Soterra: Promoting Women’s Safety
From left: Emily Randolph, Lena McDonnell, Brooke Glassman, Anu Jain (the sponsor of the competition), Cameron Cipriano, Michael Wu and Matthew Ciolino.
An interdisciplinary team of Lehigh students set out in 2017 to develop a way for women living in regions of the world with high rates of violence against them to quickly access emergency response services, without the need for a cellphone or the internet.
Its solution: Soterra, a small, cost-effective device that uses Bluetooth mesh networking technology and GPS to allow women to discreetly contact friends, family or the police when they feel threatened.
The team was one of five in the final round of the $1 million Anu and Naveen Jain Women’s Safety Prize competition, founded by entrepreneurs and philanthropists Anu and Naveen Jain. During a June 2018 awards ceremony at the United Nations, the team learned it had won $50,000 as part of the competition.
“Our immediate next step is to continue to develop our prototype and keep forming relationships,” said Emily Randolph ’19, an Integrated Business and Engineering (IBE) student studying industrial and systems engineering and finance. “The security market is very high-risk—any product failure can ruin your brand’s entire reputation. Continuing to understand this, build credibility, and see how our target demographic interacts with our product will be critical to getting Soterra to market.”
The 15-student team also includes Michael Wu ’20, an IBE student studying biomedical engineering and finance, and Morgan Shurr ’20, a supply chain management major.
As it prepared for the competition, the team worked extensively with groups from the College of Business and Economics on a marketing plan for the device.
Steven Savino, professor of practice in marketing and adviser to the Lehigh Marketing Club, said he found the Soterra team to have “incredible passion” for the project, and after learning about it, he thought the Marketing Club and his MBA students might be able to help with the endeavor.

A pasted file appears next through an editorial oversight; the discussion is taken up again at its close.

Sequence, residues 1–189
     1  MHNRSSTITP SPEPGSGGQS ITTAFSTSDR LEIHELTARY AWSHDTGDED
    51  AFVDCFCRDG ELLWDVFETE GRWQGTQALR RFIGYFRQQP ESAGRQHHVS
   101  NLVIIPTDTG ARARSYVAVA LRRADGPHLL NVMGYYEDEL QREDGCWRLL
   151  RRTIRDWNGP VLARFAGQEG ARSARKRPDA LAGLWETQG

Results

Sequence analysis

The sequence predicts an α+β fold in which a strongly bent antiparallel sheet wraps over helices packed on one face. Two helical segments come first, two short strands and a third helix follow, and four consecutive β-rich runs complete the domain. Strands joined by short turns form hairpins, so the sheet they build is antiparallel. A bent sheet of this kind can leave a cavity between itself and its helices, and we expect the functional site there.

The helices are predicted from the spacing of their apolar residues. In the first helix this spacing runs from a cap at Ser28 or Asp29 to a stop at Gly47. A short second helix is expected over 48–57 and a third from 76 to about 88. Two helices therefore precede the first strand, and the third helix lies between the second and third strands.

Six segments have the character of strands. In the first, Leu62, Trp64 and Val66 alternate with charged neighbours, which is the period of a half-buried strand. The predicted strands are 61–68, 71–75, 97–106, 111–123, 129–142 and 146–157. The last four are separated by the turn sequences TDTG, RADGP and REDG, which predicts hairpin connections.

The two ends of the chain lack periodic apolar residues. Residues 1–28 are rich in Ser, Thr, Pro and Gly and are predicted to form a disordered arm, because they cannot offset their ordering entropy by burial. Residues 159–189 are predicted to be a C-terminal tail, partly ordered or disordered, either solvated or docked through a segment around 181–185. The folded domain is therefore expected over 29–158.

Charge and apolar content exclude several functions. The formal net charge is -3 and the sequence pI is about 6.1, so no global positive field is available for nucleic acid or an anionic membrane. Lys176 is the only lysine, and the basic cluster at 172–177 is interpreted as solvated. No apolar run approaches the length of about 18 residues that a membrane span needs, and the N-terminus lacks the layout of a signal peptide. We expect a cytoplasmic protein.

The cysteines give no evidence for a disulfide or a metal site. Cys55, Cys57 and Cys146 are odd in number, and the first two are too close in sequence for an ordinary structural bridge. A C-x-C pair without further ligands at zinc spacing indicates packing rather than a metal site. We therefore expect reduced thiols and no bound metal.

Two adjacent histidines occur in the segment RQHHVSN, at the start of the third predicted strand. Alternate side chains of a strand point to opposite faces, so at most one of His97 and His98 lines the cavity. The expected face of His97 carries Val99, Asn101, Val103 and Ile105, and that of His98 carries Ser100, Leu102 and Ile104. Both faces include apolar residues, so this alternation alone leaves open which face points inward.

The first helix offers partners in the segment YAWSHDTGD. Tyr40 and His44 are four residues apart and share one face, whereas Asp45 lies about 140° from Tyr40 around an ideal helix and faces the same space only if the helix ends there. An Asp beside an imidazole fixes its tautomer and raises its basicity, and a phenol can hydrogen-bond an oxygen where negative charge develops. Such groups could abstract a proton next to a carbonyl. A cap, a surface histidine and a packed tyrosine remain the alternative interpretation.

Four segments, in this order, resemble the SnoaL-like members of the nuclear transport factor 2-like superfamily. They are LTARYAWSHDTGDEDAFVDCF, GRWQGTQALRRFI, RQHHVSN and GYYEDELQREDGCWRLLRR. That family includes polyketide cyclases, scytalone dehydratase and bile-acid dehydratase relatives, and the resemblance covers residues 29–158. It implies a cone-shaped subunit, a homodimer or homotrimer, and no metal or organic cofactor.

To that end, Randolph and Soterra team leader Lena McDonnell ’18 presented the team’s pitch deck and asked members of the Marketing Club to identify the best first market of entry, as well as strategies for customer engagement. Two Marketing Club teams, competing in a separate live-case competition, developed potential marketing plans for how to position Soterra for sale to parents of incoming first-year students.
“Their feedback was incredibly helpful,” said Randolph, the Soterra team’s business manager. “The [Marketing Club] teams provided us with many clever ideas that were unique and cost-effective, which is critical at the stage of development Soterra is in. We were very impressed with the thought and depth both teams provided in their answers, [and] we are currently preparing to deploy many of these ideas.”
Randolph and McDonnell also presented to MBA students taking Savino’s “Inspiring Innovation” course. The students brainstormed ideas and presented “viable” concepts for marketing the device to women in developing countries, and additionally, institutions and hotel staffs.
“There were many strategies mentioned we will be utilizing very soon, and some of the presented barriers to entry were not previously identified by us,” said Randolph. “We look forward to using this knowledge to move Soterra forward, and hope to continue our partnership with these groups.”